The United Automobile Workers union announced Wednesday that it was undertaking an ambitious drive to organize plants owned by more than a dozen nonunion automakers, including Tesla and several foreign companies — a goal that has long eluded it.
The move comes weeks after the U.A.W. won new contracts from General Motors, Ford Motor and Stellantis that included wage increases of 25 percent or more over four and a half years for its 146,000 members employed there.
In addition to Tesla, the targets of the drive are two other electric vehicle start-ups, Lucid and Rivian, and 10 foreign-owned automakers: Toyota, Honda, Hyundai, Nissan, BMW, Mercedes-Benz, Subaru, Volkswagen, Mazda and Volvo.
The U.S. plants owned by those companies employ nearly 150,000 workers in 13 states, the union said.
If the organizing drive gains momentum, it could become one of the largest by the U.A.W. since its infancy in the 1930s. The union’s past efforts to organize even single plants owned by the foreign automakers, concentrated in the South, came to nought. A foothold among those companies would signal a big shift in the American auto industry, where nonunion manufacturers have long had a significant cost advantage over the Detroit automakers.
The union said the organizing drive had been prompted by inquiries from several thousand workers at nonunion plants.
“Workers across the country, from the West to the Midwest and especially in the South, are reaching out to join our movement and to join the U.A.W.,” the union’s president, Shawn Fain, said in a video posted on Facebook. “The money is there. The time is right.”
A Honda statement cited the automaker’s “competitive wages and benefits,” adding, “We do not believe an outside party would enhance the excellent employment experience of our associates.” Subaru did not comment directly on the union drive but referred to a series of wage increases and a comprehensive benefits package.
Rivian and Volkswagen said they had no comment. The other companies did not immediately respond to requests for comment.
On Wednesday, the U.A.W. activated websites where workers can electronically sign cards that serve as an official certification of their desire to have union representation. Earlier, at a handful of plants, the U.A.W. had already received signed cards from more than 30 percent of the work force, the threshold required under federal law for the union to move forward with a vote on unionization, a person familiar with the matter said.
The union is now working to send organizers to areas around these nonunion plants to collaborate with workers at those factories, this person said.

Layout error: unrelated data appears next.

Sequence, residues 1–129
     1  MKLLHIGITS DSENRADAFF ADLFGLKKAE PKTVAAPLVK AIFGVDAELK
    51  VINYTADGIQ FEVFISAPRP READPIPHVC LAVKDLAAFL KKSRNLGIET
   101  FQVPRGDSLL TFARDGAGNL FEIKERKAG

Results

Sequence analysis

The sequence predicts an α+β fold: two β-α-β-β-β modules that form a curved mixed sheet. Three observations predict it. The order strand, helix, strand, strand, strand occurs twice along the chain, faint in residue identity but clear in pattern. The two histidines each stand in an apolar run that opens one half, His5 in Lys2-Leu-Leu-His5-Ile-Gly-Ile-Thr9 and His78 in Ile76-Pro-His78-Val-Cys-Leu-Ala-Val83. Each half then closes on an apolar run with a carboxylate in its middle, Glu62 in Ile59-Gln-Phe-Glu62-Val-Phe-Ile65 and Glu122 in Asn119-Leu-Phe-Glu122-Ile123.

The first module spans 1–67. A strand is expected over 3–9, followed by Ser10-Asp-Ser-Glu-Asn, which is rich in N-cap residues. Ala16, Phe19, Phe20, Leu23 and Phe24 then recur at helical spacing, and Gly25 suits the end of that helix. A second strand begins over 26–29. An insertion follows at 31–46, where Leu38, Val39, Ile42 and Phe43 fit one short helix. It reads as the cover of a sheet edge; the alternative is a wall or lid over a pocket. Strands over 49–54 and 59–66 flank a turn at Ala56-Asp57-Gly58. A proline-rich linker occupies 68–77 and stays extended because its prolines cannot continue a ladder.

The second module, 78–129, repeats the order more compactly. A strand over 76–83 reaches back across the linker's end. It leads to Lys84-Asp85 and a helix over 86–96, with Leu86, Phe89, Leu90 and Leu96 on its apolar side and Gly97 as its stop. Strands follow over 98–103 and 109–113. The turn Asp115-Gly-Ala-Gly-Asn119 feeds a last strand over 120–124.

After the U.A.W. reached agreements with the Detroit automakers to raise wages, Toyota, Honda and Hyundai announced that they, too, would increase workers’ pay.
Toyota has told workers that it will raise hourly rates 9 percent in January. Honda will lift wages 11 percent and Hyundai 14 percent next year. Hyundai plans to increase wages 25 percent by 2028.
The U.A.W. said Wednesday that it was making a concerted effort to organize a large Toyota plant in Georgetown, Ky., that employs about 7,800 workers and produces the Camry sedan and RAV4 sport utility vehicle.
U.A.W. members have long earned more than nonunion workers. At plants in the South, wages tend to start below $20 an hour and top out at less than $30. The top U.A.W. hourly wage, previously $32, climbed to more than $40 in the contracts the union signed with the three Detroit manufacturers.
The U.A.W. has fallen short twice in the past decade — by narrow margins, in 2014 and 2019 — in unionization votes at a Volkswagen factory in Chattanooga, Tenn. The U.A.W. lost by a substantial margin at a Nissan plant in Canton, Miss., in 2017. Organizing efforts at other companies’ plants have petered out before coming to a vote.
But after Mr. Fain became the union’s president this year, the union promised a more aggressive approach to its contract talks with the Big Three and vowed to renew efforts to widen its reach in the industry.
In addition to wage gains at the Detroit companies, the U.A.W. won agreements to preserve jobs and to keep open a Stellantis plant in Illinois that had been slated to close.
Arthur Wheaton, director of labor studies at Cornell University School of Industrial and Labor Relations, said the U.A.W.’s wage gains created a stronger case for joining the union.
“It shows collective bargaining works and shows the U.A.W. was successful,” he said. “They can say: ‘We saved this plant. Look at what we got. You can have this, too.’”
Past organizing drives were hurt because the U.A.W. had a tarnished image, Mr. Wheaton added: Many unionized plants had closed, its members had been required to accept wage and benefit cuts to help the Detroit manufacturers survive the 2009 financial crisis, and federal corruption investigations had implicated senior union officials.
“A lot of the negative things about the union — a lot of that stuff has gone away now,” Mr. Wheaton said.
Santul Nerkar contributed reporting.